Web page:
Walter Benjamin: "The tradition of the oppressed teaches us that the ‘state of emergency’ in which we live is not the exception but the rule" Photograph: EPA
By Peter Thompson
The Guardian, UK April, 22, 2013
Quoting Hegel, Walter Benjamin reminds us that before all philosophy comes the struggle for material existence: "Secure at first food and clothing, and the kingdom of God will come to you of itself – Hegel, 1807", or as Brecht – Benjamin’s greatest and closest friend – put it "first bread, then morality". But this precisely did not mean that abstraction, speculation and thought per se had to be rejected in favour of an entirely mechanistic historical materialism. What sets all of the thinkers in this series apart from many of their more orthodox Marxist contemporaries is precisely their concern with those issues which cannot be measured, tested and decided upon but which remain undecided and undecidable.
As Benjamin puts it in his On the Concept of History: "The class struggle, which always remains in view for a historian schooled in Marx, is a struggle for the rough and material things, without which there is nothing fine and spiritual. Nevertheless these latter are present in the class struggle as something other than mere booty, which falls to the victor. They are present as confidence, as courage, as humour, as cunning, as steadfastness in this struggle, and they reach far back into the mists of time. They will, ever and anon, call every victory which has ever been won by the rulers into question. Just as flowers turn their heads towards the sun, so too does that which has been turned, by virtue of a secret kind of heliotropism, towards the sun which is dawning in the sky of history. To this most inconspicuous of all transformations the historical materialist must pay heed."
On this reading, history escapes a linear or teleological path around a fixed point and becomes a mixture of points at which possibilities are either realised or rejected but never disappear completely. Again, this continues the theme that Marx took up in his 1844 letter to Ruge, which I have quoted before, about the realisation of a long-held human dream. Benjamin calls this "messianic time" in which historical possibility is resurrected over and over again in order to inform our choices at specific historical junctures. For this reason his historical materialism called upon the services of theology, which, however, had to be kept well-hidden from public view even though it was often pulling the strings. To those who criticise communism and Marxism as "merely" a new form of religious belief, Benjamin’s position – as with Ernst Bloch, whom I shall look at next week – was that religion was actually a vessel that contained within its authoritarian history and structures the spark of liberation which could only be fully realised through historical materialist transformation. In that sense religion is "merely" an old form of a future and as yet unrealisable dream.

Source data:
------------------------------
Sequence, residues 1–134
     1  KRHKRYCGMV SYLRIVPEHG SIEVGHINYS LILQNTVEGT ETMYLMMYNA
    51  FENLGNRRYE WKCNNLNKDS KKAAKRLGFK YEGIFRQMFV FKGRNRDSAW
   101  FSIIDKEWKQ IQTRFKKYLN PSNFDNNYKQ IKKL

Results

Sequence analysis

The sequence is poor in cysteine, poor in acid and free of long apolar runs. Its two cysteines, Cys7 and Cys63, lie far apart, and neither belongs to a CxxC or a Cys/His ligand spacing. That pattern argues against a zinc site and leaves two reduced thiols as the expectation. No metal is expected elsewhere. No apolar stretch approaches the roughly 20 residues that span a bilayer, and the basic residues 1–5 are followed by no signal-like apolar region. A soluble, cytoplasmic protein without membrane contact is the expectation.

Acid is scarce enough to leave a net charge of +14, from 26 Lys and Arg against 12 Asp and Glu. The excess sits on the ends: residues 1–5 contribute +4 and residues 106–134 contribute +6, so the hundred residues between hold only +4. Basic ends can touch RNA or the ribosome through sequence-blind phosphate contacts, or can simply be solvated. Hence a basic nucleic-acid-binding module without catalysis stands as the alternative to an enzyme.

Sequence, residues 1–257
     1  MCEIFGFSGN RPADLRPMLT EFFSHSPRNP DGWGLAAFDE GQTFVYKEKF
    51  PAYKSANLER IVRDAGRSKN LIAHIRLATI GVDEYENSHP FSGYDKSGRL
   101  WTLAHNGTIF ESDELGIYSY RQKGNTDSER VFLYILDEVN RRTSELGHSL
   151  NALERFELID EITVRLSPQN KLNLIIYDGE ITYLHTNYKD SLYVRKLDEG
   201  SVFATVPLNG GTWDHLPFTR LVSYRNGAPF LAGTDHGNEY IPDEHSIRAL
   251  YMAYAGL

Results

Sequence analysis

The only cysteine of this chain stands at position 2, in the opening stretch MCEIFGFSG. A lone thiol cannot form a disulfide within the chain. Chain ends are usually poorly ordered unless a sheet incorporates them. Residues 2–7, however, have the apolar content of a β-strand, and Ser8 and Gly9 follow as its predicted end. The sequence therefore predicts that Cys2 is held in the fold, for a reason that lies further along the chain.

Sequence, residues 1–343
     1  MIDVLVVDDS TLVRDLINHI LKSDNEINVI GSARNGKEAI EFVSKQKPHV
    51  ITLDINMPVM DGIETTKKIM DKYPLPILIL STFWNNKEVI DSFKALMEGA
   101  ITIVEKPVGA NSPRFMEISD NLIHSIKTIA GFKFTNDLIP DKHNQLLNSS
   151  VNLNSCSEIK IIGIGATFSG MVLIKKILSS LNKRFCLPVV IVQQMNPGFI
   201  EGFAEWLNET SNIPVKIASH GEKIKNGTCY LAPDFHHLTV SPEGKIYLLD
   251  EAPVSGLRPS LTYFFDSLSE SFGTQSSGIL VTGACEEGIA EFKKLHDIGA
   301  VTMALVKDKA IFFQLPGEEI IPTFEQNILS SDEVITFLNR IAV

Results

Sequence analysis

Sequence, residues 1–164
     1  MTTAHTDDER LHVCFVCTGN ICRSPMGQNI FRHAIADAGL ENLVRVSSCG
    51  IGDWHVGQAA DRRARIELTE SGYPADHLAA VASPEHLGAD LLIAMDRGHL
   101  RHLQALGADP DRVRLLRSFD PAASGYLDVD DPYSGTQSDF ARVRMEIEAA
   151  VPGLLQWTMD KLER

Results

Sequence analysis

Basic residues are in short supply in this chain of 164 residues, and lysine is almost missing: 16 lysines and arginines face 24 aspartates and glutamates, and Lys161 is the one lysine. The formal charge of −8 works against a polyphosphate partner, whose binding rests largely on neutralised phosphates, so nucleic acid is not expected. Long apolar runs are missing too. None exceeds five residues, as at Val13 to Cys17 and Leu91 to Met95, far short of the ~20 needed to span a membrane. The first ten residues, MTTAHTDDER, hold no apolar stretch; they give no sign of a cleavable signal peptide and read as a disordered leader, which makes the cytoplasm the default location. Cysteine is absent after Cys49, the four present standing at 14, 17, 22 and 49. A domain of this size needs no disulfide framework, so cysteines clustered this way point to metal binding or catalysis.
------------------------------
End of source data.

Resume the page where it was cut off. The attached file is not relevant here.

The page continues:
Until this unrealisable future becomes realisable its traces have to be read into the symbolic forms of human expression in various different historical epochs. To return to Adorno’s take on history in Negative Dialectics, Benjamin’s position is that we find the solution to the apparent non-identity of the material and the transcendental within the symbolic. We can see here quite clearly another point of contact between Marx and Freud where transcendental thoughts exist not as something separate from material reality but as something both produced by and also affecting and influencing that material reality. In Marx this is the interpenetrating relationship between base and superstructure, to put it at its simplest, and in Freud it exists in the relationship between the conscious and the unconscious realms. In Freud the symbolic plays the role of expression of that which is unknown to us but which we secretly know; namely, the unconscious. In Marx this symbolic expression is present in ideology, which, far from being a straightforward linear relationship between base and superstructure is constantly in flux and which can be captured and changed by the attempted realisations of human possibility. Ideas change as society changes but ideas also create social change.